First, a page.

My ingredients included 1 cup of frozen peas thawed, 1/2 pound bay scallops, 1/2 cup chopped parsley, 2 of those smoked chorizo sliced, 3 skinless chicken thighs chopped, a 14oz can of diced tomatoes, 2 teaspoons of paprika, 1/2 orange bell pepper diced, 1/2 yellow bell pepper diced, 1/2 red bell pepper diced (wasn’t in the pic, last minute decision), 1/2 onion diced, 1 cup chicken stock (pic shows 2, only used one), 2 cups of sushi rice rinsed (any kind of short-grain rice will work), a large pinch of saffron, and 3 garlic cloves minced.

I started off by heating up my large skillet and then pouring in 2 tablespoons of olive oil. I added the garlic and then 30 seconds later the onion. About 3 or 4 minutes after that I dumped in the peppers and let that go for another 3 or 4 minutes. Then I added the chicken and let it cook for about 4 more minutes before adding the chorizo. Once the chorizo started to get a little color, you guessed it, 3 or 4 minutes, I added the rice. It’s important to get every grain of rice coated in the hot oil so that it toasts a little bit. That helps get the toothsome texture you want in a good Paella.

Then I poured in the can of tomatoes with the liquid. Oh, I forget to mention that I let the saffron sit in the cup of chicken stock for about a half hour along with the paprika, that let’s the flavor and color distribute more evenly. Once the tomatoes started to boil a bit I poured in the flavored chicken stock and seasoned with salt and pepper. I gave that a few minutes to start boiling a little and then added the scallops, peas, and parsley. I mixed everything up, covered the skillet, turned the heat down to medium, and let it sit for 15 minutes.

When I took the lid off almost all of the liquid had absorbed into the rice, yet the rice had kept a nice firm texture. Thanks to Mike’s advice, I did get that nice crust on the bottom. It was, by far, the best Paella I’ve ever made.

I had some of the jicama salad with watercress and red leaf lettuce along with the cilantro-lime dressing left over from the tacos so I served that on the side to complete the meal.

Read Full Post »

Over the weekend a couple of our friends stopped by to meet Otis. They came bearing gifts. Flowers for mommy and a Rick Bayless cookbook for daddy, an autographed one nonetheless! The in-laws haven’t really experienced Mexican flavors since there really aren’t many Mexican ingredients available in Japan. While there are a few “Mexican Restaurants”, they’re really just simple mid-scale taquerias. Combine the cookbook, their lack of Mexican food experience, and the fact that Chicago hit 90 degrees yesterday and I really had no choice but to grill up some tasty tacos with all of the fixens.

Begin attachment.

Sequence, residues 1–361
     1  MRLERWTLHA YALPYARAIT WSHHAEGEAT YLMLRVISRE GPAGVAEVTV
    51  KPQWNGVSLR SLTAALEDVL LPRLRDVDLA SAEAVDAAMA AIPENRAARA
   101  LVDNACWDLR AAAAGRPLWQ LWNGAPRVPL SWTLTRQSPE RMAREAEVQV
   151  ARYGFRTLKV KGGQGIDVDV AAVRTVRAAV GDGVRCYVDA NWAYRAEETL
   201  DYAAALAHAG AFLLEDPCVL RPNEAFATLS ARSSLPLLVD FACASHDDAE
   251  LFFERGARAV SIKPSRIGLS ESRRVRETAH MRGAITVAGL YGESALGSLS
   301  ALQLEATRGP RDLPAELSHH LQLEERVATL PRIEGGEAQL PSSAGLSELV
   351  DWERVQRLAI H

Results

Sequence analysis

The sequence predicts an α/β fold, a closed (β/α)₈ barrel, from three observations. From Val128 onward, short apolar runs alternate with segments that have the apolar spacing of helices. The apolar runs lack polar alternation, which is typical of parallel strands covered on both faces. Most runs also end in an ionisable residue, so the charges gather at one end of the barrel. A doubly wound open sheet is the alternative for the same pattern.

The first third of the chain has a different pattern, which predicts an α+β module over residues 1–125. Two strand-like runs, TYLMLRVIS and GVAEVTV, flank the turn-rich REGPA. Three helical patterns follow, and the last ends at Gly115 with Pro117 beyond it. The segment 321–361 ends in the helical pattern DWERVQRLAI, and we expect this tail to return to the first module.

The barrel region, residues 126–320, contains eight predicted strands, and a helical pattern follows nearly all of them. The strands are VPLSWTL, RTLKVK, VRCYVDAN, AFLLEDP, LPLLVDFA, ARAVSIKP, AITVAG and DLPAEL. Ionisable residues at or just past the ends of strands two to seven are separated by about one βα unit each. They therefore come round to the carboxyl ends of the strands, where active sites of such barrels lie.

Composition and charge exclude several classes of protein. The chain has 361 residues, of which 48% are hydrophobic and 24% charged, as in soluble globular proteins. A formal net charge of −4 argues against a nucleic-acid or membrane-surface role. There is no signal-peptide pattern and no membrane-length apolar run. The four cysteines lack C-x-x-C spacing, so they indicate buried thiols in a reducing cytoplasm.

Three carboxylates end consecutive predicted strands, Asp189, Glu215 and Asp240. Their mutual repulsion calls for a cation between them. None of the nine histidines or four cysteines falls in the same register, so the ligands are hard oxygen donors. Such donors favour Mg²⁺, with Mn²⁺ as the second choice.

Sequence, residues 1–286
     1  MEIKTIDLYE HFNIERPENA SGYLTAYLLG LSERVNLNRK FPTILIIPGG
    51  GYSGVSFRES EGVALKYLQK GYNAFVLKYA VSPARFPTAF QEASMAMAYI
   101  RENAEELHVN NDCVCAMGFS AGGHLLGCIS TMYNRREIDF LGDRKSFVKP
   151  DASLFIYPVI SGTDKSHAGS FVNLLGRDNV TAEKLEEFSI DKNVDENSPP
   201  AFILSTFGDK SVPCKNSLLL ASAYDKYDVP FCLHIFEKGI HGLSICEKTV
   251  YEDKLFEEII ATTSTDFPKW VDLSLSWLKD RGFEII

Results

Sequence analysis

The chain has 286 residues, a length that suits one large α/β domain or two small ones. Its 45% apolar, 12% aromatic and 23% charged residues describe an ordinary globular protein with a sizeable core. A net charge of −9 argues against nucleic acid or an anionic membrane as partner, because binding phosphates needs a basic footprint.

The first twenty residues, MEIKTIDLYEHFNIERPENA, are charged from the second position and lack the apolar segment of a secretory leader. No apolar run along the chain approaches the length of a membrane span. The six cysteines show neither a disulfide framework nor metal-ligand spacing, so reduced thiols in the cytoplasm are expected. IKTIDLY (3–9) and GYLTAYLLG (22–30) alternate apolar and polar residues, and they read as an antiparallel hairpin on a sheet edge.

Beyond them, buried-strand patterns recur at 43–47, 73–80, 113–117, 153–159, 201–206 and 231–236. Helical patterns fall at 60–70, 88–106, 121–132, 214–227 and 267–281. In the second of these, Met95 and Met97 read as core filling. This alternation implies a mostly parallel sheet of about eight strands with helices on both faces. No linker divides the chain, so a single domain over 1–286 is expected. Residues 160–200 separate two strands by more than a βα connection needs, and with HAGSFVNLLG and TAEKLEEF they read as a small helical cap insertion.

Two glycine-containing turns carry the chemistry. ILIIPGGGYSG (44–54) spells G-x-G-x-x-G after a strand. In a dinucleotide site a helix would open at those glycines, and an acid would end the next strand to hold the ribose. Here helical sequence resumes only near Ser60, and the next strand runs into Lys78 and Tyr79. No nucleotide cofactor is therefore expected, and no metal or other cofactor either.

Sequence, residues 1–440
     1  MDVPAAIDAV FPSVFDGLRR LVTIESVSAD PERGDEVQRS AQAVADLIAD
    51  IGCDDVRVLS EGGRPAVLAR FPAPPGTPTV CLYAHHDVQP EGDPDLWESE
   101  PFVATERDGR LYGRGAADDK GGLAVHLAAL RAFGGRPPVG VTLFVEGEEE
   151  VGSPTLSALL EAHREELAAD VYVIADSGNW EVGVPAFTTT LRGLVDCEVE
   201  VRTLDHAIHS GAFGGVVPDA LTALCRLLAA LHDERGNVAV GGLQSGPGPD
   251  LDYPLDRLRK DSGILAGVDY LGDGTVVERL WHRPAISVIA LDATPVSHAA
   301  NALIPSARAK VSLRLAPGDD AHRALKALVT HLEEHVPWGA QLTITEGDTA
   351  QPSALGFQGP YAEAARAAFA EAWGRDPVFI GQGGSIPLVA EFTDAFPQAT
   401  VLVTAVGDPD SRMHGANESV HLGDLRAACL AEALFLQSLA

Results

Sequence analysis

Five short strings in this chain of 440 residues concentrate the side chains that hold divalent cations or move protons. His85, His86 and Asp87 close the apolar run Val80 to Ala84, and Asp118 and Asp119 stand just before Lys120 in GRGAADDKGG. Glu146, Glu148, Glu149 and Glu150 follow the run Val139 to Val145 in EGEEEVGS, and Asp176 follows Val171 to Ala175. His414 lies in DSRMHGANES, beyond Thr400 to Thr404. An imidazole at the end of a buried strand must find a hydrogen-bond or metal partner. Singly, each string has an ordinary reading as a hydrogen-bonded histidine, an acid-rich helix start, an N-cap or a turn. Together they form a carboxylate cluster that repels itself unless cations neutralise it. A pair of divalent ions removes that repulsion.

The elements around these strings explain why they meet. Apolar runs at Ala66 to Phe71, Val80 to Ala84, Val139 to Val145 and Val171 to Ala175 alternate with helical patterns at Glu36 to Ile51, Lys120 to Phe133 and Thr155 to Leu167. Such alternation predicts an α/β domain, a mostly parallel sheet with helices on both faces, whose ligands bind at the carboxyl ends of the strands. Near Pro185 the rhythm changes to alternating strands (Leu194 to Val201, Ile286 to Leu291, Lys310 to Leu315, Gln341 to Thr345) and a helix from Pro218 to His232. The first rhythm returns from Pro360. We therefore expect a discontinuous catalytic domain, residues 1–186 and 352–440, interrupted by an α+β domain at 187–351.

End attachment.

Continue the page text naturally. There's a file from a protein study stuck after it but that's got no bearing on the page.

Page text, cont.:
Some of the dinner was right out of the Bayless cookbook (cilantro-lime dressing, jicama salad, and roasted tomatillo salsa), some was inspired by the Bayless cookbook (grilled pork and sweet potatoes where he used ancho instead of chipotle), and some is right out of my repertoire (chilled corn soup and simmered black beans).

First thing I made was the cilantro-lime dressing. I used 1/2 cup of cilantro, the zest from 1 lime and the juice from three, 1/2 jalapeno seeded and stemmed, 1/2 cup canola oil, and 1/4 cup olive oil.

I threw it all into my little blender and whipped it up! I seasoned it with a little salt and pepper, poured it into a glass jar, and let it sit in the fridge while I prepared the rest of the dinner.

Next, I made the corn soup. I cut the kernels off of 5 ears of corn, chopped up 2 garlic cloves, and diced 1/2 onion. I put it all into a pan with 1/2 cup of milk and 1/2 cup of water and brought it up to a low boil. I covered the pot and let it simmer over med-low heat for about 20 minutes. Then I let it cool down and poured it into my blender for a good puree. I seasoned it with salt and pepper and let it sit. Since I was serving it cool I didn’t need to reheat it or anything. I did pour it back into the pot so I could clean the blender for the next item.

For the roasted tomatillo salsa I husked, rinsed, and halved 4 tomatillos, pealed 2 garlic cloves, chopped the other half of the jalapeno, small diced 1/2 a small onion, and roughly chopped 1/3 cup of cilantro. I soaked the diced onion in cold water for 30 minutes to remove some of the sharpness.

In a hot, dry skillet I put the tomatillos (cut side down) and garlic in to roast, about 5-6 minutes per side.

Then I put everything except for the onions into the blender along with 1/4 cup of cold water and pureed it up. I poured it into a glass bowl and mixed in the rinsed onion. That went into the fridge until dinner time.

I opened up a 30 ounce can of black beans, rinsed them off, and placed them in a pot with 3 diced green onions, 1 minced garlic clove, and about 1/4 cup of water. I let it simmer for about 20 minutes and then seasoned with salt and pepper.

For the spice rub I used 1 teaspoon of dried oregano, 1/4 cup of chipotle (the chipotle I have has a little sugar mixed into the blend, otherwise I would have added a little), 2 tablespoons of apple cider vinegar, 2 tablespoons of canola oil, and 2 garlic cloves finely minced. I mixed it all together until it became a smooth paste.